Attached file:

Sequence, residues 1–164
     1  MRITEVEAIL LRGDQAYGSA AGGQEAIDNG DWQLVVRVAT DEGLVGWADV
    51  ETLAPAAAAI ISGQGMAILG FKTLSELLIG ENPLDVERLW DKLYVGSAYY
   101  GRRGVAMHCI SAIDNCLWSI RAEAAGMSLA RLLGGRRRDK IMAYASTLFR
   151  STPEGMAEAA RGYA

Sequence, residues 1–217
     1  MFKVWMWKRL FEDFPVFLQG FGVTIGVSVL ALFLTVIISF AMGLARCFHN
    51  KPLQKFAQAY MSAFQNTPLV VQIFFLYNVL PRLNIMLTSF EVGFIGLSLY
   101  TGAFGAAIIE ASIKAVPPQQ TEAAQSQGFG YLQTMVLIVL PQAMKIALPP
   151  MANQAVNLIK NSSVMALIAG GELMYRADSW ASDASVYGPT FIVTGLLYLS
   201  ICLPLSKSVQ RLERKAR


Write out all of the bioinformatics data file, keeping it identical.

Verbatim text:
Sequence, residues 1–164
     1  MRITEVEAIL LRGDQAYGSA AGGQEAIDNG DWQLVVRVAT DEGLVGWADV
    51  ETLAPAAAAI ISGQGMAILG FKTLSELLIG ENPLDVERLW DKLYVGSAYY
   101  GRRGVAMHCI SAIDNCLWSI RAEAAGMSLA RLLGGRRRDK IMAYASTLFR
   151  STPEGMAEAA RGYA

Sequence, residues 1–217
     1  MFKVWMWKRL FEDFPVFLQG FGVTIGVSVL ALFLTVIISF AMGLARCFHN
    51  KPLQKFAQAY MSAFQNTPLV VQIFFLYNVL PRLNIMLTSF EVGFIGLSLY
   101  TGAFGAAIIE ASIKAVPPQQ TEAAQSQGFG YLQTMVLIVL PQAMKIALPP
   151  MANQAVNLIK NSSVMALIAG GELMYRADSW ASDASVYGPT FIVTGLLYLS
   201  ICLPLSKSVQ RLERKAR